I’m so tired, of playing, playing with this bow and arrow, the first lines of Portishead’s “Glory Boxpulsed through the speakers as I marched toward the pole, grimy cloth and Windex in hand. After wiping it down, I inhaled — the familiar scent of brass and ammonia filling my lungs. I stood there, the phallic-shaped cat walk before me, customers sitting around it, eager to touch. Because the pole was so far from the tipping rail, the dancers had to do “floor-work,” meaning we had to get down on the ground and bend our bodies into sexy poses while men reached their hands up and made squeezing motions, indicating that they wanted to touch our breasts, if we consented. I watched a gecko dart down the entryway stairs and into the dressing room — a small reminder I was on a tropical island, something that was easy to forget in the dark club, shut in from the outside world.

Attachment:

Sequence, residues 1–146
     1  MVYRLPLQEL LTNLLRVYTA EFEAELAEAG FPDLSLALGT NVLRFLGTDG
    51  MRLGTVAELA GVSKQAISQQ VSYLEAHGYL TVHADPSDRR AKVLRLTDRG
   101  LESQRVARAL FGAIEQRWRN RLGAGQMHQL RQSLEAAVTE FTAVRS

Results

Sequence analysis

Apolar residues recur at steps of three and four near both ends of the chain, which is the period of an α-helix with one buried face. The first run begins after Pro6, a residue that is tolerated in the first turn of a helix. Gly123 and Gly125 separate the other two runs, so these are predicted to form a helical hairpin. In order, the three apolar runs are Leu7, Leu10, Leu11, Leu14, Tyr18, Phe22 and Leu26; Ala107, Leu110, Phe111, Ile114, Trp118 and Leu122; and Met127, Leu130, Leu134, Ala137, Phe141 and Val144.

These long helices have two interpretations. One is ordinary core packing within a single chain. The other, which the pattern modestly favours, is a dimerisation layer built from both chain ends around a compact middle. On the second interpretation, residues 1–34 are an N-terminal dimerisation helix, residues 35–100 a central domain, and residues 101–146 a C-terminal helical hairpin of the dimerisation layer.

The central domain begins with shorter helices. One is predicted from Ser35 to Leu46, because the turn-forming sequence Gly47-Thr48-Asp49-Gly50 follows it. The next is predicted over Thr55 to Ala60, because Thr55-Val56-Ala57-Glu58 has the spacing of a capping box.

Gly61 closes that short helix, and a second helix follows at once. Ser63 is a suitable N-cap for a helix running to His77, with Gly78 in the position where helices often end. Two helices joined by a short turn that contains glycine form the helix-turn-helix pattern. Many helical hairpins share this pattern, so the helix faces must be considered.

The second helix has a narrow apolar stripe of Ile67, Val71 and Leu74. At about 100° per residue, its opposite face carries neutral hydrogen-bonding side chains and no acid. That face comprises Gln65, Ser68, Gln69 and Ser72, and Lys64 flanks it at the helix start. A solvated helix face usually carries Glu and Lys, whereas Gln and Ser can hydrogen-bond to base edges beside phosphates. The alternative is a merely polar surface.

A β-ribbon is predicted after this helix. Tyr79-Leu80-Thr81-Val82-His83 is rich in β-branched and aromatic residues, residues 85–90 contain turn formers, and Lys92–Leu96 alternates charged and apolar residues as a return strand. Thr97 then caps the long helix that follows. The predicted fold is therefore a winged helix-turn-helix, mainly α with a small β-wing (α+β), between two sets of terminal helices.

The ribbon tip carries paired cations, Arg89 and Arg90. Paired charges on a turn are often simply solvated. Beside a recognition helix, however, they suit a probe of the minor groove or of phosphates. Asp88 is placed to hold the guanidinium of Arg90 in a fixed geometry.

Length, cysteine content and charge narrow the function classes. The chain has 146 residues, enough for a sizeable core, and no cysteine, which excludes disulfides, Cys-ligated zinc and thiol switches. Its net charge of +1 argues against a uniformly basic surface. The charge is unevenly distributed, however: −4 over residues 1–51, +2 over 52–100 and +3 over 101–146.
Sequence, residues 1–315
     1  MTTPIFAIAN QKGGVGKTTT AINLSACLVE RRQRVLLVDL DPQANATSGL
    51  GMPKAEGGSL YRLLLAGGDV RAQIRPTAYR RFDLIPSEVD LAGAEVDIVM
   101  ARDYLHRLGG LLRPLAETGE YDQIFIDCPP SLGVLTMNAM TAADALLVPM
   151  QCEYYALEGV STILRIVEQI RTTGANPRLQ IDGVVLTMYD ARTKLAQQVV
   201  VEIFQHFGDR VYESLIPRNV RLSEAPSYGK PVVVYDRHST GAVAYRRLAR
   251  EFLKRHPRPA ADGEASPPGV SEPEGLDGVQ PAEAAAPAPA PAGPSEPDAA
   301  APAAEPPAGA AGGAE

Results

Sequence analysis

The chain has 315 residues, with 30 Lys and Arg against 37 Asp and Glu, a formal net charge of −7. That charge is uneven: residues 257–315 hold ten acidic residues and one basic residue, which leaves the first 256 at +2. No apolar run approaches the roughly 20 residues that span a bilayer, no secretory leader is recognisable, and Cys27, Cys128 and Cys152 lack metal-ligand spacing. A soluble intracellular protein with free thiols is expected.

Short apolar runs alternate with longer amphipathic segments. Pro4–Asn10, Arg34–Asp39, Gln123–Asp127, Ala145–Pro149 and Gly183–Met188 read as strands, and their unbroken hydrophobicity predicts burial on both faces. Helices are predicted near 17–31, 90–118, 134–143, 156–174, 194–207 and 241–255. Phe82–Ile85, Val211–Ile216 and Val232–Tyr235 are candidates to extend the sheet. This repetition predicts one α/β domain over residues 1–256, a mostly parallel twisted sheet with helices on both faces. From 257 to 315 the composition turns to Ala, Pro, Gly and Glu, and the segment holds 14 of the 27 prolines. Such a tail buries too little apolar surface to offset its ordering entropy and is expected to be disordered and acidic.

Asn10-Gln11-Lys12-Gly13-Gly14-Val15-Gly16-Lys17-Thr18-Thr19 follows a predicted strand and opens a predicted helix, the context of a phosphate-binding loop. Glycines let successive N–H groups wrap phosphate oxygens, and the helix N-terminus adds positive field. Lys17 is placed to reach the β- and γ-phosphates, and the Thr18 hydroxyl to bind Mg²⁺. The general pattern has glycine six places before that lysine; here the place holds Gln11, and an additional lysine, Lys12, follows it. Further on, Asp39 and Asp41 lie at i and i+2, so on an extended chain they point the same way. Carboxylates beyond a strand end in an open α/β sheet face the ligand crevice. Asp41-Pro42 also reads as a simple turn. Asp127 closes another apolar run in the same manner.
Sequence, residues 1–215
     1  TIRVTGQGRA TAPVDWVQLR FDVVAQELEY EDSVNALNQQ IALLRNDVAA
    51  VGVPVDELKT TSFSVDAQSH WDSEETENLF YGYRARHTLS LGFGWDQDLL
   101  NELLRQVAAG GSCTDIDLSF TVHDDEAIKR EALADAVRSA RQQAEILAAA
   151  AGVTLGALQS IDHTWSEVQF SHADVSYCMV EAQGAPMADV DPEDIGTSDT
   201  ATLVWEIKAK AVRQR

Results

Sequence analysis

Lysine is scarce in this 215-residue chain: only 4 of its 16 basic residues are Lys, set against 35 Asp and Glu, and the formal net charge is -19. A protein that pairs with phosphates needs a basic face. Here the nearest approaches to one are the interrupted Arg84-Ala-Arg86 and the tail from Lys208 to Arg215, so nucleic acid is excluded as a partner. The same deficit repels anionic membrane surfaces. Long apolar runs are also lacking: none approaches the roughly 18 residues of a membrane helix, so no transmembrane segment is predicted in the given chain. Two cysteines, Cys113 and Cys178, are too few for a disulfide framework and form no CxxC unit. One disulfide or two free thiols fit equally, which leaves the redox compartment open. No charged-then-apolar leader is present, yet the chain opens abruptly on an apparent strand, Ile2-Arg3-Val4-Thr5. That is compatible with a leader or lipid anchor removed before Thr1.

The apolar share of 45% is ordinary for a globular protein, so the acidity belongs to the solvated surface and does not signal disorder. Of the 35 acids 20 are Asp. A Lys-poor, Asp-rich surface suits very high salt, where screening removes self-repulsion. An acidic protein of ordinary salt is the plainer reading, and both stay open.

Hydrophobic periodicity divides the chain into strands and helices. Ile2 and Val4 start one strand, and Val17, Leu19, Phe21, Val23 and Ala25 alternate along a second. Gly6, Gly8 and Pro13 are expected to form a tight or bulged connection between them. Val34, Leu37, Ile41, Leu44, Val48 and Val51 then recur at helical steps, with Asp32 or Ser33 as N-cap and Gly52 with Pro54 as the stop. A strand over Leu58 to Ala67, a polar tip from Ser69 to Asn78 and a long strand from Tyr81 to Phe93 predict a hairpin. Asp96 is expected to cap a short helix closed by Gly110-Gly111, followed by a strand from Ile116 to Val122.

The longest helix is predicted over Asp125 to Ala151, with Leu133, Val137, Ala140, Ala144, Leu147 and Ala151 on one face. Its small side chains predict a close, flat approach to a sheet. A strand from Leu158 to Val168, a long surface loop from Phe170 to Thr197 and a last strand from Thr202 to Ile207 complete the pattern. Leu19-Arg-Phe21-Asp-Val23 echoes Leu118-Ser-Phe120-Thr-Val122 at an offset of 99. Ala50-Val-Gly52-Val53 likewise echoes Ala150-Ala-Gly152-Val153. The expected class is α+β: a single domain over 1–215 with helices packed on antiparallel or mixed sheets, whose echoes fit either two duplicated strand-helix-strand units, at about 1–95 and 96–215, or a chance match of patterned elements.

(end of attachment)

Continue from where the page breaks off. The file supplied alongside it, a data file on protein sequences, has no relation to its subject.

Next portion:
Both hands grasping the pole, I took a high step in my eight-inch stilettos, and then spun around and around and around. Tears streamed down my face, the stage full of blurry patrons. I wasn’t sure if anyone could tell I was crying, but it was clear that they wanted me to get closer. I spun and spun, removing the few pieces of clothing I was wearing while in motion. It was the only time I had ever cried on stage. My panties dropped exactly as I had perfected, mid-spin, and I flung them toward the wall. I wasn’t going to be charged a fee for not getting naked, even if I was crying. Dollar bills collected for my entire set, but I couldn’t bring myself to get close to anyone. I left all the money on the stage — at least $100, piled in front of confused customers. I walked naked into the dressing room with nothing.

I sat down and took deep breaths. I wanted to get back to Phil. We were a team.

Phil didn’t have any children and had wanted a daughter. We had a platonic, intense intimacy, and he wanted to take care of me in the way fathers do after their daughters are grown and out of the house. I imagined our relationship was like mine might’ve been with my father if we’d met when I was an adult.

“I’m causing you problems,” Phil said as soon as I returned.